Sound Ideas

Collection of essays edited by music scholar explores the nexus of environmental and cultural sustainability
Wednesday, August 21, 2019 - 10:30
Santa Barbara, CA

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Hokulea

The Hokule'a arrives in Honolulu from Tahiti in 1976.

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Tim Cooley, Cultural Sustainabilities

Tim Cooley

Photo Credit: 

Ruth Hellier-Tinoco

“Sustainability” has become a kind of code for practices that contribute to the slowing of climate change in the Anthropocene. Tim Cooley would like us to think a little differently.

“Sustainability is social action, cultural practice, and relationships with other people, other living beings, and the environment,” he writes in the introduction to “Cultural Sustainabilities: Music, Media, Language, Advocacy” (University of Illinois Press, 2019). A collection of 23 essays edited by the professor in the ethnomusicology program of UC Santa Barbara’s Department of Music, the book offers fresh thinking on the growing field of environmental humanities.

“Many of the chapters engage directly with the environmental impact of human cultural behavior,” Cooley said, “while others are about sustainability of human cultural practices themselves. The argument we’re making is these have to go hand in hand. We need to think about cultural practices as a question of sustainability. We also have to think about how those cultural practices impact other biological beings and the environment.”

Cooley noted that each of the essays owes a debt to Jeff Todd Titon, a pioneering ethnomusicologist who helped develop the field of ecomusicology, an interdisciplinary exploration of the interplay between sound, nature and culture.

Titon, a professor emeritus of music at Brown University, has been enormously influential in ethnomusicology, serving as both mentor and touchstone for generations of scholars.

“We collected together these authors who are responding to his ideas,” Cooley said. “I try to capture that in the first couple of paragraphs of the introduction where I suggest that if we’re in the era of the Anthropocene—which is pretty difficult to deny—then this is a human culturally created environmental crisis. Our response to the Anthropocene needs to be a human creative cultural response.”

Cooley’s own chapter touches on a bit of local history through Ben Finney, a member of the UC Santa Barbara anthropology faculty in the 1960s who co-wrote “Surfing: The Sport of Hawaiian Kings,” the first authoritative history of the sport. The book, published in 1966, was the public’s first peek at how the young scholar would transform the way we understand the connection between a people and the environment.

As Cooley recounted, Finney built a replica of a Hawaiian double canoe on campus in the mid-’60s. He was curious: Could these voyaging canoes sail upwind? Most people believed they could only head downwind. The implication: Ancient Hawaiians could not have navigated great distances. Finney would prove otherwise.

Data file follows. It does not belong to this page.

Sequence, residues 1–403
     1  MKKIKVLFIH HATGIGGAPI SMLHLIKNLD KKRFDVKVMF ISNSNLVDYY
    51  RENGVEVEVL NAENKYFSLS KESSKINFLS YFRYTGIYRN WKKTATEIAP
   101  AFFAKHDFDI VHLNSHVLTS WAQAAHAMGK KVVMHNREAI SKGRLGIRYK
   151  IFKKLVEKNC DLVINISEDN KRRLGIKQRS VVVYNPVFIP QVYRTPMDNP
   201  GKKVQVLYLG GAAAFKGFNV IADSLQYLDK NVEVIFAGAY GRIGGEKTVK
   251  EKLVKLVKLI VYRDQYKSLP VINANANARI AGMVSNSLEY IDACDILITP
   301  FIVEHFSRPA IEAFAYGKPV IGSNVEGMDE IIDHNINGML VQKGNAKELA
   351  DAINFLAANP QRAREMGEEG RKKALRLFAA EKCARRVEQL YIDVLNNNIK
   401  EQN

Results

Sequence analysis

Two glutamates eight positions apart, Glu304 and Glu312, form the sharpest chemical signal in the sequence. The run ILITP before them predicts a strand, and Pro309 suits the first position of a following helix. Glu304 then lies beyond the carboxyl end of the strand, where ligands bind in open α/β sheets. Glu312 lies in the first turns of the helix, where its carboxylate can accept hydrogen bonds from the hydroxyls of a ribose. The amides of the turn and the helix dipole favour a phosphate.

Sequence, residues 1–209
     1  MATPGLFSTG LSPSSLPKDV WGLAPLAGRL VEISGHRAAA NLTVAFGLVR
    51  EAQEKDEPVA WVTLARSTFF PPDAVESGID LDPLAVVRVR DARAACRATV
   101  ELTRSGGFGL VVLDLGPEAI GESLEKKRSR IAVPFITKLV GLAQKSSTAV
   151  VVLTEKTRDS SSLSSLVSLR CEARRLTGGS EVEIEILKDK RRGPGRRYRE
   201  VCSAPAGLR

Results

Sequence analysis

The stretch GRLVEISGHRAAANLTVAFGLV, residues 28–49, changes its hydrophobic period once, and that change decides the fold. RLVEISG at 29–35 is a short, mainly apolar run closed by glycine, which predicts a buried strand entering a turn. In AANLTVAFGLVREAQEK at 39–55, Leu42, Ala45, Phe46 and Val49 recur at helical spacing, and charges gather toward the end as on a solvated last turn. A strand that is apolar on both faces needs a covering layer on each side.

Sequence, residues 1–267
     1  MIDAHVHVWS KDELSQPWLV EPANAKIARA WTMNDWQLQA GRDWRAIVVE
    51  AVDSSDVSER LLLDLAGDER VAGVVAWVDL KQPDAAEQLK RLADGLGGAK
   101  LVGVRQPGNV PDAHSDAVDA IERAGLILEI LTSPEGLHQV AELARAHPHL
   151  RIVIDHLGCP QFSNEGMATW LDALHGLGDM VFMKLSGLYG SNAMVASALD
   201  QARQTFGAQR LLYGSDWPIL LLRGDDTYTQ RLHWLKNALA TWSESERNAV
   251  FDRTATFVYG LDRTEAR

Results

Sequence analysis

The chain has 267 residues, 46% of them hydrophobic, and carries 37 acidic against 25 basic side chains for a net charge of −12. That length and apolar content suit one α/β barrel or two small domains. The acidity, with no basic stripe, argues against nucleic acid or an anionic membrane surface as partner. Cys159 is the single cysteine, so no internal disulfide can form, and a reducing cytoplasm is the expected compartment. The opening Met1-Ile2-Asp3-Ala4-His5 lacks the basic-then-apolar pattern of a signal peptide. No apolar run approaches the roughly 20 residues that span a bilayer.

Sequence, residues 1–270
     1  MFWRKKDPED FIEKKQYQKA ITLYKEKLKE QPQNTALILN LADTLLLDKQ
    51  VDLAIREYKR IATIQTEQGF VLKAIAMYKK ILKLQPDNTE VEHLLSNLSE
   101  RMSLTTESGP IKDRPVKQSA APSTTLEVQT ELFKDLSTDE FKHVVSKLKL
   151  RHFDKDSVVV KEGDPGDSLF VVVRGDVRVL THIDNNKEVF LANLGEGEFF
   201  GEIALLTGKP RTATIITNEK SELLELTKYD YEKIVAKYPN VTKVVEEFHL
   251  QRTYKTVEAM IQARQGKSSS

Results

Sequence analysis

Eventually he disassembled the canoe and took it to Hawaii, where he became a professor of anthropology at the University of Hawaii at Manoa (1970-2000), and co-founded the Polynesian Voyaging Society in 1973. Three years later he sailed aboard the canoe Hokule’a from Hawaii to Tahiti, sparking a renaissance of Hawaiian language, music and culture.

In 2014 the Polynesian Voyaging Society undertook a three-year, around-the-world journey. At each port, where possible, the crew met with indigenous peoples to share songs, dances and prayers, Cooley said. They also traded traditional knowledge about taking care of the sea and the land.

Understanding ecological cultural practices is just one of the many ways we can begin to create a more sustainable world, Cooley said. Little changes can make a big difference over time.

“If we can get a few percentage points of human behavior change,” he said, “we can start turning things around a little bit and reduce the impact of some of our damaging human cultural behaviors. I want people to think, ‘OK, how can I increase my joy in certain human cultural practices while also being more gentle with the other biological beings around me?’

“What traditional knowledge have we forgotten that might help us live more gently? This isn’t a Luddite movement,” Cooley continued. “No, it’s a highly scientific one. But at the same time, we need to remember some other ways of using resources that are in fact sustainable rather than looking at resources as something that we exploit in order to encourage new types of development. Sustainability is human cultural change.”

Contact Info: 

Jim Logan
(805) 893-3071
jim.logan@ucsb.edu

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